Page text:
Klaiman (Koplowicz), Zelda
Pabianice (Poland), Lodz, Auschwitz, Bergen-Belsen
Klaiman, nee Koplowicz, was born in 1929 in Pabianice, Poland, a town of approximately 50,000 inhabitants about 15 kilometers southeast of Lodz. Her immediate family consisted of her parents, two younger brothers, and a grandmother. The family were conservative Jews and Klaiman attended a private Jewish school.
Although only ten years-old when Germany invaded Poland, Klaiman has vivid memories of the German army occupying her town and the restrictions and oppression that followed. She recalls distinctly how her family was forced to abandon their home on fifteen minutes notice to make it available for others being brought in the family then moved in with her grandmother. From there the family was moved to a ghetto created in her hometown of Pabianice requiring them to live in extremely crowded conditions, six to eight people in a room. In 1942 a selection process took place wherein all persons were placed in either category “A” or “B” with these letters placed on their foreheads with an indelible ink stamp. Klaiman, now 13 years old, her parents, and a younger brother were stamped “A” and shipped to the ghetto in Lodz. Her youngest brother, age 5, and her grandmother were stamped “B”. She never saw them again.
In the Lodz ghetto conditions were extremely harsh, food was very scarce, and living conditions barely tolerable. Most people were assigned to workplaces with Klaiman working in a shop making items from straw. In the summer of 1944, during the liquidation of the Lodz ghetto, Klaiman and her family were sent in closed cattle cars under intolerable conditions to Auschwitz. There she was separated from her parents and her brother and confined in a barrack for about two weeks. She never saw her parents or brother again. They died in the concentration camps.
From Auschwitz Klaiman was sent to the Bergen-Belsen concentration camp. From there she went to a labor camp and worked in an old salt mine. Since she is less than five feet tall, she had great difficulty in shoveling salt into the tram cars and therefore was continuously punished. Then she was sent to another labor camp and required to dig trenches, supposedly eight feet deep, for a cable installation. Again because of her short stature, she had great difficulty in performing this job and suffered for it. Klaiman was returned to Bergen-Belsen in March 1945. There she became ill with typhus and was carried to the camp hospital by a cousin who was with her. She became delirious and remembers nothing more until regaining her consciousness about two weeks after the liberation of Bergen-Belsen by British forces. After the liberation she was administered to by British forces.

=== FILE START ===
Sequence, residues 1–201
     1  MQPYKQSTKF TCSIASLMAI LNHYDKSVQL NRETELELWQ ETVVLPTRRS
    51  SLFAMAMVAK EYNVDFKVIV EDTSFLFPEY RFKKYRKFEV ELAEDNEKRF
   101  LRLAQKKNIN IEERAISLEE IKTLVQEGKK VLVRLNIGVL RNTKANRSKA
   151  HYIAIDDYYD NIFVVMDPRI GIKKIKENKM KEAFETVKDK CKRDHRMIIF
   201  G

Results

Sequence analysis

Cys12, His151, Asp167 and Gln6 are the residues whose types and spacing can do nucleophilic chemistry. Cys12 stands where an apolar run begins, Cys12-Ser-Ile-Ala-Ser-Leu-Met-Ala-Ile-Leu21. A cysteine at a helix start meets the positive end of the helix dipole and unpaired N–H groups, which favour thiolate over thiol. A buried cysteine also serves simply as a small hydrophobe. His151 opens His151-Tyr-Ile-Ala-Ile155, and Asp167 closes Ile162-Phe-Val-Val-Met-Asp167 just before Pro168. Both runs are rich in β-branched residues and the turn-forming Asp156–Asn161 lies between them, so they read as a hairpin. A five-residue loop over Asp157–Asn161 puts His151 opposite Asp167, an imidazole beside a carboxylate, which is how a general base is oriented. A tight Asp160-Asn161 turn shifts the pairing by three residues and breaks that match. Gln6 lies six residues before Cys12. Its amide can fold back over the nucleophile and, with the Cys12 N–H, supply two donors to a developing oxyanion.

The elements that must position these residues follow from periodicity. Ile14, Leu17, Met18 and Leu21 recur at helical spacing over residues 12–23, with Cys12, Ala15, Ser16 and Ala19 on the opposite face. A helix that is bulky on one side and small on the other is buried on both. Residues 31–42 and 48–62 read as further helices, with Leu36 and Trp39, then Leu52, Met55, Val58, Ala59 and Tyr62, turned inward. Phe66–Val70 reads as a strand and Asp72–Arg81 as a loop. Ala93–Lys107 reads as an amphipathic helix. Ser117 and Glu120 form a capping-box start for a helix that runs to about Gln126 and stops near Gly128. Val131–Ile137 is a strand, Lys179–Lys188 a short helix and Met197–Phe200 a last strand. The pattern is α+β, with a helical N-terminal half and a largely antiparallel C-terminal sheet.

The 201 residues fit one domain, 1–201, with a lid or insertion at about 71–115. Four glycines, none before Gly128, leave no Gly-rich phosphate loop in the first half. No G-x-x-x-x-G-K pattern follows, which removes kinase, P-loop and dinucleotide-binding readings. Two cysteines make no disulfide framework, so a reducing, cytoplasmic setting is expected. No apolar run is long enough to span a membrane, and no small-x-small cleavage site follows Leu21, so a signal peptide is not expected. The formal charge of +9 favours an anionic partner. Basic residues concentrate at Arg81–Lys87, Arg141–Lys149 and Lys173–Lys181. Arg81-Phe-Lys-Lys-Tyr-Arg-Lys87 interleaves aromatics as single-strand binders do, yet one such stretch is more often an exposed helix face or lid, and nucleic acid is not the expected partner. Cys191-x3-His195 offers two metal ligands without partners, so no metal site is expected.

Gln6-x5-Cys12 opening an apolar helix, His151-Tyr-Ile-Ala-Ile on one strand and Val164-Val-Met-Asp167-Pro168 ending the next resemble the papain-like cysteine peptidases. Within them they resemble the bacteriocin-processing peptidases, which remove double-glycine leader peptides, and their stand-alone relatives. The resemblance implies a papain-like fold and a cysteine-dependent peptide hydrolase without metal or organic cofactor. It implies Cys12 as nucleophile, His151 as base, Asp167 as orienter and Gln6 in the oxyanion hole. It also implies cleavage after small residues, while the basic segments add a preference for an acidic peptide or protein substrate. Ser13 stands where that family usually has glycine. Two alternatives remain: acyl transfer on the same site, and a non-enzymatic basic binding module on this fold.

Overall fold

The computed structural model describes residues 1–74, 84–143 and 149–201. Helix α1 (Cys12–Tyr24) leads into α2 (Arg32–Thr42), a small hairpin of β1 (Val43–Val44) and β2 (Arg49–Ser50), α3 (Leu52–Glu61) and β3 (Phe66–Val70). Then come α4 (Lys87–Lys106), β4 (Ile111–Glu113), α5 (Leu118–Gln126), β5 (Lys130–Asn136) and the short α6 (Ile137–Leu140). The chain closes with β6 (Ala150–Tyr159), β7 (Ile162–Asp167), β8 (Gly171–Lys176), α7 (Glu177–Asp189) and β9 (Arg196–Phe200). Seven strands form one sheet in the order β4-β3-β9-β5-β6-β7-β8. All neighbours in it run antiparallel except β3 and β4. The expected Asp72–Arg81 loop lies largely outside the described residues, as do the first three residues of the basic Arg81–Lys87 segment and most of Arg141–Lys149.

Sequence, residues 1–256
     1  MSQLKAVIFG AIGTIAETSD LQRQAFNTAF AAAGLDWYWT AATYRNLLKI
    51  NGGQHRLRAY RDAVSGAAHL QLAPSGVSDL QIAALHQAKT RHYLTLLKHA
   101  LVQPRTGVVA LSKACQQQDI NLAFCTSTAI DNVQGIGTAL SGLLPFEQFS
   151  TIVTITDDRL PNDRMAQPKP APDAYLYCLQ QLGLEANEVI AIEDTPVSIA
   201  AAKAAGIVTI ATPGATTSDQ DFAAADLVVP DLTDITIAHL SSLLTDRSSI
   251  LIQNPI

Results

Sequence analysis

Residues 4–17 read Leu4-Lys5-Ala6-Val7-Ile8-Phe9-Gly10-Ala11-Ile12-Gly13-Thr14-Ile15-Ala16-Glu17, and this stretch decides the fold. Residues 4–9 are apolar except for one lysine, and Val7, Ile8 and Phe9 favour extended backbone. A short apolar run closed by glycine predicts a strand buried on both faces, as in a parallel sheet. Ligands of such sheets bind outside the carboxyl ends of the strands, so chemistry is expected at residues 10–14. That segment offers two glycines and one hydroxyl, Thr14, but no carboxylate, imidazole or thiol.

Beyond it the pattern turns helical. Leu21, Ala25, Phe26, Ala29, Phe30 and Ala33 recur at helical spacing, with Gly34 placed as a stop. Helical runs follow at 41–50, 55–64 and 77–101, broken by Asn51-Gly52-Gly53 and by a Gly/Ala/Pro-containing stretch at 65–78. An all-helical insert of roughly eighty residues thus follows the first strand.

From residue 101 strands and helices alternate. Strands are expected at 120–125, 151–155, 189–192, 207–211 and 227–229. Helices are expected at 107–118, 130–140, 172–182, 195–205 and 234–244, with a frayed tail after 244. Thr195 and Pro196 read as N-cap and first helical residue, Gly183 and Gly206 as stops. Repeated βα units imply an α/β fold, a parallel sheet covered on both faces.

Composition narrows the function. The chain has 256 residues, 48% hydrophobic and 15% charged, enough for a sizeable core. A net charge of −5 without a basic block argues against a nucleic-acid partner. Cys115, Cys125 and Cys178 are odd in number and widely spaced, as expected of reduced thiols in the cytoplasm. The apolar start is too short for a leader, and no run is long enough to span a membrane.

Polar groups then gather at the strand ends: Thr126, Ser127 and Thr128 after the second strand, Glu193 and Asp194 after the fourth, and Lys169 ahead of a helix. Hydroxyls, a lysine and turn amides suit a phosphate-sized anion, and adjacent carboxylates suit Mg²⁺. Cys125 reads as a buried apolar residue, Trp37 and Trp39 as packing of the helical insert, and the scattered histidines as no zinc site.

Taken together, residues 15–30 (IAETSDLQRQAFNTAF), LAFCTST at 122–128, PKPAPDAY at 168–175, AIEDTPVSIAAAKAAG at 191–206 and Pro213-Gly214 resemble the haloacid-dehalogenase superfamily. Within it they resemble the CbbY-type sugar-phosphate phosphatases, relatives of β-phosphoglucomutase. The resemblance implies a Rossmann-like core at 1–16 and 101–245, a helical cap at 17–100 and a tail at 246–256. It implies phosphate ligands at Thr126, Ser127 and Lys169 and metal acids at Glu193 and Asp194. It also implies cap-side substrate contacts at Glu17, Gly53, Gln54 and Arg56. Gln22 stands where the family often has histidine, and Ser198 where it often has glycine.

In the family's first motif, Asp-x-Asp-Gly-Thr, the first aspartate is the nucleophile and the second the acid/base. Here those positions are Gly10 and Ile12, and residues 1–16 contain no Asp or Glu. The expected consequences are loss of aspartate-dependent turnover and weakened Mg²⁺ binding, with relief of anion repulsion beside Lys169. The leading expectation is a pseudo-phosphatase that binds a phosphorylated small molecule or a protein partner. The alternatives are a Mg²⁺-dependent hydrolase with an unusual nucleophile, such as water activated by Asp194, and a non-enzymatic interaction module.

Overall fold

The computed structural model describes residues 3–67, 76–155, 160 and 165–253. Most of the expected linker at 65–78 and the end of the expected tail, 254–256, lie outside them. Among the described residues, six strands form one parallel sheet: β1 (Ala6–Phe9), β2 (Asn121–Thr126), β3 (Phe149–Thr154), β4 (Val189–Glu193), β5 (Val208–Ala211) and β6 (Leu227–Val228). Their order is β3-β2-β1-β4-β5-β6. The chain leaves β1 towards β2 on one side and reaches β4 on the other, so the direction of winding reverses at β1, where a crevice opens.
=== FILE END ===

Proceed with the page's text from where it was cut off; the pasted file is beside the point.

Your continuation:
Placed into a DP camp following the release from a hospital, she later married her husband whom she first met while in Bergen-Belsen. She was able to come to the U. S. in 1949 where her first child was born shortly after her arrival. She did not want a child to be born in Germany. Two more children were born later.
Klaiman attributes her survival to an older cousin who was together with her most of the time. It was her cousin’s constant optimism and promise of improved conditions that kept her going. She believes that her cousin, approximately ten years older, kept up her own spirits in the hopes of having a reunion with the two children who were taken away from her earlier. This did not happen.
Klaiman can not forgive or forget the Germans and the Poles and would not return, even for a visit, to her former home for that reason.
Date: December 6, 1989
Interviewer: Hans R. Weinmann
Format: Video recording